Lastly, several great films with crime elements but ultimately residing in other genres are excluded: Casablanca (1942, a romance), Arsenic and Old Lace (1945, a farce), To Be or Not to Be (1942, a war comedy), His Girl Friday (1940, a screwball comedy), Rebecca (1940, a gothic romance), and The Treasure of Sierra Madre (1948, a Western). 

All these films I watched or re-watched before composing this list. So, enough about what’s not here. On to our main event:

15. Gilda (1946)
American gambler Johnny Farrell (Glenn Ford) is hired by Ballin Mundson (George Maceady) to run his Buenos Aires casino and watch over Mundson’s rebellious wife Gilda (Rita Hayworth), who often cavorts with other very dangerous men. When two German mobsters seek control of the casino, Mundson fakes his own death leaving Johnny and Gilda to contend with each other and the mob. Hayworth’s Gilda is the very visual definition of a femme fatale. Her entrance in the film is legendary, as is her singing “Put the Blame on Mame” in a hormone-popping strapless black dress designed by Jean Louis, a performance still bewitching seventy-six years later.  An Esquire photograph of Hayworth in that dress with “Gilda” stenciled above decorated the Bikini Atoll atomic bomb tested in July, 1946. The 23-kiloton bomb was the most powerful exploded up to that point and the decoration meant to honor Hayworth “as the world’s ultimate bombshell.” When Hayworth found out she was highly offended.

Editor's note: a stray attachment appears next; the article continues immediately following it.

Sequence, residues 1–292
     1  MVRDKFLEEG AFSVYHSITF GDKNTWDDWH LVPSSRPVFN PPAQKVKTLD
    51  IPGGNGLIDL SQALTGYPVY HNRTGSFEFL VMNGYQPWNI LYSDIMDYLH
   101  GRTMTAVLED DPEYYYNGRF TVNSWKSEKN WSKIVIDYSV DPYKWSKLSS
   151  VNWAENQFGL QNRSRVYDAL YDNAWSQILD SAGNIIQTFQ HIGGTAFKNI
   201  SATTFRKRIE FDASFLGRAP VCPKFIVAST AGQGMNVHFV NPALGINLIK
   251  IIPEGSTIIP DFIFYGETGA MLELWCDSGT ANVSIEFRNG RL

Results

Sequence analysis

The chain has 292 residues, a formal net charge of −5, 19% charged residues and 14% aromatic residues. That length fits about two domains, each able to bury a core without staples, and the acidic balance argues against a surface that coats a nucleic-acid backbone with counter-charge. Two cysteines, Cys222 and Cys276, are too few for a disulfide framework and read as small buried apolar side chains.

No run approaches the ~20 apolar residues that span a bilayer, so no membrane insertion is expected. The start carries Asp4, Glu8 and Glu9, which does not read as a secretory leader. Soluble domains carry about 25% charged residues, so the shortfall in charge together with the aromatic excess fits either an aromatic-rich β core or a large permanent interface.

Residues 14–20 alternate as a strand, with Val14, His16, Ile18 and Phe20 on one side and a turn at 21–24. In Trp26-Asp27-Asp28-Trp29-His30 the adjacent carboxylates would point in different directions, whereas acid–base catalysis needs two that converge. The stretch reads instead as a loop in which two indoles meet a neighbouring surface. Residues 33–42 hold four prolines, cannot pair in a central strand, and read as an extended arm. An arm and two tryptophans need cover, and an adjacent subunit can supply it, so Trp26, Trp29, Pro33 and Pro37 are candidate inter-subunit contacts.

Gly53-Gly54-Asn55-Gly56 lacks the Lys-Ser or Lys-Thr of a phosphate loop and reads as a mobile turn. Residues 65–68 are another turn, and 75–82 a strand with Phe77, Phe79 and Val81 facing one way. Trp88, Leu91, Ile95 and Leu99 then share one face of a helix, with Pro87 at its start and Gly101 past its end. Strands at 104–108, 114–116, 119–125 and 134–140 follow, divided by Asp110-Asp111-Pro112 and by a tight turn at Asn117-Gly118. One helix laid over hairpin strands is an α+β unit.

14. The Glass Key (1942)
The second of four films pairing Veronica Lake and Alan Ladd, The Glass Key edges out This Gun for Hire from the same year and The Blue Dahlia (1946) as the finest picture to feature both stars.  Based on the Dashiell Hammett novel of the same name, The Glass Key tells the story of Ed Beaumont (Ladd), the “problem solver” for corrupt political boss Paul Madvig (Brian Donlevy).  Madvig has fallen in love with Janet Henry (Lake), and is determined to get Janet’s father, Ralph Henry (Moroni Olsen), elected governor despite the objections of mob kingpin Nick Varna (Joseph Calleia). A tale of temptation in many forms, Ladd’s Beaumont stays loyal to Madvig despite sexual advances from Janet and bribes, threats and torture from Varna. As election day approaches the bodies pile up, including Ralph’s son Taylor (Richard Denning). Despite Ladd being third-billed, Beaumont is the film’s central character. The Glass Key was rushed through production to capitalize on the chemistry between Ladd and Lake in This Gun for Hire and Hammett’s name after The Maltese Falcon (1941) and the successful Thin Man series. The timing was right, and it paid off handsomely at the box office.

 
13. Rope (1948)
Inspired by the Leopold and Loeb murders, director Alfred Hitchcock’s Rope tells the story of two roommates Brandon (John Dall) and Phillip (Farley Granger) who kill a friend (Dick Hogan) for the sheer intellectual thrill of it. They then host a party using an unlocked chest housing the body as a serving table. Among the guests are the victim’s father (Cedrick Hardwicke), fiancée (Joan Chandler) and their old prep school professor Rupert Cadell (James Stewart), whose gallows humor and promotion of Nietzschean superman theories greatly affected the killers in their youth. By the end of the night, Phillip is coming apart, Brandon is making threats and Rupert regrets his irresponsible teachings.